Though the U.S. Department of Justice partially backed down on its lawsuit against Louisiana's school choice program in November, yesterday the DOJ filed its proposal to oversee the program. The program provides school vouchers to low-income families with children otherwise assigned to failing government schools. Among many proposed regulations, the DOJ wants the state of Louisiana to give the federal government the following information about each school choice applicant:
2. Student ID number
6. School applicant attends in current school year, if any
7. Louisiana School Performance Score (letter grade) for school in (6), above, if applicable
8. Public school district of the school in (6), if applicable
9. District public school applicant would be assigned to attend for the upcoming school year if applicant does not receive a voucher
10. Louisiana School Performance Score (letter grade) for school in (9), above
11. Student enrollment in the school in (9), above, for the current school year, by race
12. Public school district for (9), above
13. Student enrollment in the public school district in (12), above, for the current school year, by race
14. Whether applicant is attending a voucher school during the current school year, and if so, the name of the voucher school
15. The list of voucher schools, in order of stated preference, identified on the student’s application form
16. Whether the State determined that the applicant failed to meet the criteria for participation in the voucher program
17. Reason for determination that the applicant failed to meet the criteria for participation in the voucher program, if applicable
18. Reason, if any, for preference in proposed award of voucher (e.g., sibling)
19. School to which the State intends to assign the applicant through the Voucher Program (“proposed voucher school”)
20. Student enrollment of the proposed voucher school in (19), for the current school year, by race
The state would be required to give all of this information over to the federal government at least 45 days before awarding school vouchers and the federal government would have the authority to veto the award of any voucher. Given that the vast majority of students participating in the program are African-American, the DOJ essentially seeks the power to keep low-income black kids in failing government schools.
The state of Louisiana's counter-filing argued that the DOJ's demands are unreasonable since the state already takes steps to ensure that there is no segregation in private schools. The state declared that it is:
willing to share relevant information in its possession on a schedule that does not disrupt the operation of the Scholarship program, the State will not agree to terms that would cede its sovereign authority over the Scholarship program or the public schools, it will not agree to permit the United States to participate in the administration of the program, and it will not agree to demands for information that the State does not have or schedule changes that would disrupt the Scholarship program.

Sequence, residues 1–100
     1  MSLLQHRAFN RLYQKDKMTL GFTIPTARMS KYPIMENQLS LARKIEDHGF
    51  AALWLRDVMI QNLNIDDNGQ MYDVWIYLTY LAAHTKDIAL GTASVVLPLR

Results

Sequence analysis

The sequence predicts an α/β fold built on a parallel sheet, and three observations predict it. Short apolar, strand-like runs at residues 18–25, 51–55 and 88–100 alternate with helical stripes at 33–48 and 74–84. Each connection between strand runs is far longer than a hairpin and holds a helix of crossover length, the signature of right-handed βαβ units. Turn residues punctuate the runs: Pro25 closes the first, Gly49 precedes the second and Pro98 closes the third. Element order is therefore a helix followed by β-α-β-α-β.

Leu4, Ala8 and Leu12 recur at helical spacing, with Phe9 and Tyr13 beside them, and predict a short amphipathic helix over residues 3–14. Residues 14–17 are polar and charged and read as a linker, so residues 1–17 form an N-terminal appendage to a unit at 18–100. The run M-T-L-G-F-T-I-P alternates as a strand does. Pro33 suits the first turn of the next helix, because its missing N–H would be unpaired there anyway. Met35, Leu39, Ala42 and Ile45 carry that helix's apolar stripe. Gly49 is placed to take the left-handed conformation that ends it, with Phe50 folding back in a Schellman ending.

The state's counterfiling also noted that the DOJ fundamentally misunderstands the school choice program. In item #19 above, the DOJ assumes that the state "assigns" students to a given school. The state corrected that error:
Contrary to the repeated claim made by the United States, the State does not “assign” Scholarship students to participating private schools; rather, Scholarship awards are based on parental choice. [...]
Families choose which private school students will attend under the Scholarship program. The State’s role in the Scholarship program is limited to three functions: verifying eligibility, conducting a lottery to determine whether the student will receive an award when necessitated by excess demand, and disbursing the student’s scholarship to his or her school on a quarterly basis. The State never imposes a binding assignment and never prohibits a student from attending a school. The only authority that “assigns” a child to a school is the child’s local school district, which gives every student under its jurisdiction a publicschool assignment. Faced with a public school assignment from the school district and a scholarship award from the State, families decide where their students will attend school.
The counter-filing also took the DOJ to task for wanting to restrict parents' choices of schools based on their race:
[The] United States apparently believes that the State should restrict the choices made by families participating in the Scholarship program based on their race and the racial composition of the schools they wish to attend...
Louisiana Governor Bobby Jindal responded harshly to the DOJ's demands:
“President Obama’s Department of Justice is continuing its attempt to red-tape and regulate the Louisiana Scholarship Program to death. The Department’s request for a 45-day review period for every scholarship award shows the Justice Department believes bureaucrats in Washington know better than Louisiana parents.
I am also shocked to learn that the Justice Department is now asking for the state to provide an analysis of the racial composition of our states private schools. The federal government’s new request is a frightening overreach of the federal government and shows it knows no bounds.
President Obama’s Department of Justice has admitted it cannot prove that Louisiana school choice is violating desegregation efforts, yet it continues to seek the ability to tell a parent their child cannot escape a failing school because their child is not the ‘right’ race.
The Department of Justice proposal reeks of federal government intrusion and proves the people in Washington running our federal government are more interested in skin color than they are in education.”